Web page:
Test2d21, 21st 'benchmark test' data file for CPO2D

Field at the centre of a double cylinder lens.


The following data were obtained when the memory and speed of PC's was much more limited than at present, so the available number of segments was small and the requested inaccuracies were fairly high to give a quick demonstration.


The geometry is as described by D W O Heddle (paper submitted for publication, 1999):

There are two thick-walled cylinders, their inner and outer radii being 0.5 and 0.75 respectively.

The cylinders are terminated at z = +/- 5

The potential difference between the cylinders is 1

The gap G between the cylinders is variable.


Heddle has shown analytically that when G = 0 the field at the centre of the system is 1.3262275051


The above data file simulates this system with G = 0.0025

The value obtained for the field is 1.326223, in a computing time of 52 seconds, using a 450Mhz computer.

Using a modified version of the commercial program, to allow the inaccuracies to be set at 0.0000001 and to give the output values to 8 significant figures, the value becomes 1.32622117 (in 60 secs).


The values obtained for this and other values of G are as follows, where the first field value is obtained with the commercially available program and the second with the modified program:


0.1000 1.316317

0.0750 1.320615

0.0500 1.323718

0.0250 1.325599

0.0200 1.325825

0.0150 1.326002

0.0100 1.326128

0.0050 1.326204

0.0025 1.326223 1.32622117

0.0020 1.32622345

0.0015 1.32622522

0.0010 1.32622649

0.0005 1.32622725


Extrapolation to G = 0 gives the values 1.326229 and 1.32622751 for the lower and higher accuracy results respectively. The first is in error by 0.0000015 and the second is exact to within 0.00000001.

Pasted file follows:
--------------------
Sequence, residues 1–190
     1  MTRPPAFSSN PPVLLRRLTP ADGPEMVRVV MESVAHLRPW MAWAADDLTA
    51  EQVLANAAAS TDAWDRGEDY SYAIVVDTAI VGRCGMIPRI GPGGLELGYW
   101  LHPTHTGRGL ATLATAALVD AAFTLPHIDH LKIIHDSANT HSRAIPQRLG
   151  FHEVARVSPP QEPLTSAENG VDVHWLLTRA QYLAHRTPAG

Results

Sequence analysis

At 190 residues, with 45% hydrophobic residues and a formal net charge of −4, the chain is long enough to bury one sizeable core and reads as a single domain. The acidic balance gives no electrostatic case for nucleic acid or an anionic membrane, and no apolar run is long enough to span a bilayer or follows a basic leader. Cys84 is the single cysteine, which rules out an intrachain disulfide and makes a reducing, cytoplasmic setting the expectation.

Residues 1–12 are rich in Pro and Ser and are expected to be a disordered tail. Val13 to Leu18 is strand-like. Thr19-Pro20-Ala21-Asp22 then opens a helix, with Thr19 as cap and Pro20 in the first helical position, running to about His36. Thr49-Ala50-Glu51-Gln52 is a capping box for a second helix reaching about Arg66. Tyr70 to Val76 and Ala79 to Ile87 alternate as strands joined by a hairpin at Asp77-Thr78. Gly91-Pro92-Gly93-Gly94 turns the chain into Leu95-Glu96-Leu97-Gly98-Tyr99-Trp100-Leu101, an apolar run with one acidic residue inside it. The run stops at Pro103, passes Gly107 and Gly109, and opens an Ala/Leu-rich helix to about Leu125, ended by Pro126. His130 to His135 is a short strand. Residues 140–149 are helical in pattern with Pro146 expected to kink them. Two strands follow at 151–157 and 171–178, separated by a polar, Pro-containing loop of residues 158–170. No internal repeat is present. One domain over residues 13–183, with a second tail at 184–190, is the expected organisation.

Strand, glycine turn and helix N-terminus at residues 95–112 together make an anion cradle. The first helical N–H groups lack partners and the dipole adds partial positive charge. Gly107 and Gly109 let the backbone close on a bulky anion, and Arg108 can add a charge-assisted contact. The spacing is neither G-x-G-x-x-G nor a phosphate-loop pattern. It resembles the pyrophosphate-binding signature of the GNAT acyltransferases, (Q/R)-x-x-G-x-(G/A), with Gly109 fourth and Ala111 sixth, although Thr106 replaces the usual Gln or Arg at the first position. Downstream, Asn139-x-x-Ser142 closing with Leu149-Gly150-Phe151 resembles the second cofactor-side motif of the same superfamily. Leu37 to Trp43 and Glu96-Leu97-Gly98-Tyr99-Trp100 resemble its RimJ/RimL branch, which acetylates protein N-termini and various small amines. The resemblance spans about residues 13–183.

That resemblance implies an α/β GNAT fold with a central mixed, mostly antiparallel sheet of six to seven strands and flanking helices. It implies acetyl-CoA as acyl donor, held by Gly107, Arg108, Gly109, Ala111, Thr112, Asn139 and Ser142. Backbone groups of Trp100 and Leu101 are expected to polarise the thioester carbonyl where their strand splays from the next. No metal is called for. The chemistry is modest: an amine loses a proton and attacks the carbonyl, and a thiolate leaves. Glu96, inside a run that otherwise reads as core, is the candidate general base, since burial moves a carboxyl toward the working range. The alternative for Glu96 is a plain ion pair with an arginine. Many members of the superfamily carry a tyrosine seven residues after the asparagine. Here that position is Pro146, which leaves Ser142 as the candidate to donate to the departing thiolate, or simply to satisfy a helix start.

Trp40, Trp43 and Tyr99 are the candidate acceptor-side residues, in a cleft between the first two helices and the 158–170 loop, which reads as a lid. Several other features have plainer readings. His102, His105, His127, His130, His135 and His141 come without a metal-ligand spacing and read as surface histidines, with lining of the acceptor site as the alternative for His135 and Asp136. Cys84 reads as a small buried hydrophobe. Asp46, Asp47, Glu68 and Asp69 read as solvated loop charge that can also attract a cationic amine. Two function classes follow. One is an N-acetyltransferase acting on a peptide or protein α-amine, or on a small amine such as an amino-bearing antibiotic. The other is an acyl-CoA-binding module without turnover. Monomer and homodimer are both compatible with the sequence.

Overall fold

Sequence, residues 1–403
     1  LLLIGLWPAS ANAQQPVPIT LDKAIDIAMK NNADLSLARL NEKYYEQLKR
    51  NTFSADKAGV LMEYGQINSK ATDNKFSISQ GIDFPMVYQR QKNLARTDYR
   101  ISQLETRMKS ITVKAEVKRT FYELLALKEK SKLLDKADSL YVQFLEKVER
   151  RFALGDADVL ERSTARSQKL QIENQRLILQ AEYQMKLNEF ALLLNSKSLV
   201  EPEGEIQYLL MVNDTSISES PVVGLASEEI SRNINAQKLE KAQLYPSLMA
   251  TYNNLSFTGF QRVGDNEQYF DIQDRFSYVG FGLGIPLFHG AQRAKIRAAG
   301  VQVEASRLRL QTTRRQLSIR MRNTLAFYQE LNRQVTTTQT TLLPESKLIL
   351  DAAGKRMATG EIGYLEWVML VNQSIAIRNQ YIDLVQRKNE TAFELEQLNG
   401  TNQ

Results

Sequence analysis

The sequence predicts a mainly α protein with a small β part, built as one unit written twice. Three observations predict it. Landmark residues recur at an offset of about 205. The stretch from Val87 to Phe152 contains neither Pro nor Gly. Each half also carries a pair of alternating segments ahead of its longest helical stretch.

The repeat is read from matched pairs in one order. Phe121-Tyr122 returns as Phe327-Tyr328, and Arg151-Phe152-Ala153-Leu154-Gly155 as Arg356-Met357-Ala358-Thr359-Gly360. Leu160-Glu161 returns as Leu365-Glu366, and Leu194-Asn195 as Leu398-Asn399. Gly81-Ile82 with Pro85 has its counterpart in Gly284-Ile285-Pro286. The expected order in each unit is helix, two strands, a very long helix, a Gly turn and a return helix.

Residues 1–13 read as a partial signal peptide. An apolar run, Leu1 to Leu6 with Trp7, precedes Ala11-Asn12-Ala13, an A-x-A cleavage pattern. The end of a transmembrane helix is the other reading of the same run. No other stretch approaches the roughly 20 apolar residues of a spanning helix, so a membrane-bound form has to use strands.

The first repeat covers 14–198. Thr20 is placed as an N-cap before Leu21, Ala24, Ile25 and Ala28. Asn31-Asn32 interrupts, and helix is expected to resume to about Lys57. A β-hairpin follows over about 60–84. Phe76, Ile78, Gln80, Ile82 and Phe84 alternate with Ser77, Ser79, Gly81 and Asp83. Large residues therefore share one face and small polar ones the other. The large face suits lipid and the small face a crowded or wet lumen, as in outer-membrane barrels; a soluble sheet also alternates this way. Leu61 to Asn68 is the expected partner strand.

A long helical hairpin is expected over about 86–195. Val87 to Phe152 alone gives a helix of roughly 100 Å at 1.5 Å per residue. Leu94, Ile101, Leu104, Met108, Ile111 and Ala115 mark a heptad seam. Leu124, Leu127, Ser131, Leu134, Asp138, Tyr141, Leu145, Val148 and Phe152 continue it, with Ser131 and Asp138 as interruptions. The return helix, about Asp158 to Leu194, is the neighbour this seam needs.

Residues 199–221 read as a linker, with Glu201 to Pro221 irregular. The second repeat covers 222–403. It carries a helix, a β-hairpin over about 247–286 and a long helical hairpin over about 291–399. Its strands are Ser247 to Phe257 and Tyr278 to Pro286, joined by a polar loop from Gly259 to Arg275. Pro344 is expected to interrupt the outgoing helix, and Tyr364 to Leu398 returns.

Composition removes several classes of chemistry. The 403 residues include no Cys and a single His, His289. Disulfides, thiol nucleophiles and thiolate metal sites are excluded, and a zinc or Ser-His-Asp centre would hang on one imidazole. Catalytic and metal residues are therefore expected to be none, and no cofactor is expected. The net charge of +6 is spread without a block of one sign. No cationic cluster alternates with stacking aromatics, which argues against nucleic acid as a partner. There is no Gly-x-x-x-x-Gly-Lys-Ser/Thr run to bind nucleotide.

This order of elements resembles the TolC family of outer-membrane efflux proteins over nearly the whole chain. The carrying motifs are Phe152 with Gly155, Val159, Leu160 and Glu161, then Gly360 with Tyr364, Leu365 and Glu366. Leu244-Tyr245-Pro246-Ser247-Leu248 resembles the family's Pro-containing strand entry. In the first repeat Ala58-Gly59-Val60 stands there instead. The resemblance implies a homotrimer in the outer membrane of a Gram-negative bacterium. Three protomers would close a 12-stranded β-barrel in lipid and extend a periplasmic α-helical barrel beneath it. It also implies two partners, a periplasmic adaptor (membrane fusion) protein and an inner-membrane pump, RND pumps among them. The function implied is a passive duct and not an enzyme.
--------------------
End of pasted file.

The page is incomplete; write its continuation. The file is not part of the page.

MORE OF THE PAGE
A second type of extrapolation is to an infinite number of segments. This results in a decrease in the last significant figure (of the more accurate results above) by approximately 1. (This procedure also requires a slight increase in the computing time, but as recommended in Help the extrapolation is achieved by using a series of smaller values of the number of segments, and so the increase in computing time is less than a factor of 2.)


The most accurate value obtained by Heddle using a Finite Difference Method and extrapolating to a zero gap is 1.3262350, which is in error by 0.0000075, in a computing time of approximately 350 sec (using the same speed of computer). Applying a second type of extrapolation, to a zero mesh size, gives 1.3262280, which is in error by 0.0000005 (and which also requires a longer computing time).


In summary, the approximate inaccuracies and approximate computing times for the zero-gap results are as follows:

(the times are for single calculations and so do not include times to obtain sets of results for extrapolations)



time (secs)

CPO2D (commercial version)



CPO2D (special version)



CPO2D (special) extrap to infinite segs



FDM (Heddle)



FDM (Heddle) extrap to zero mesh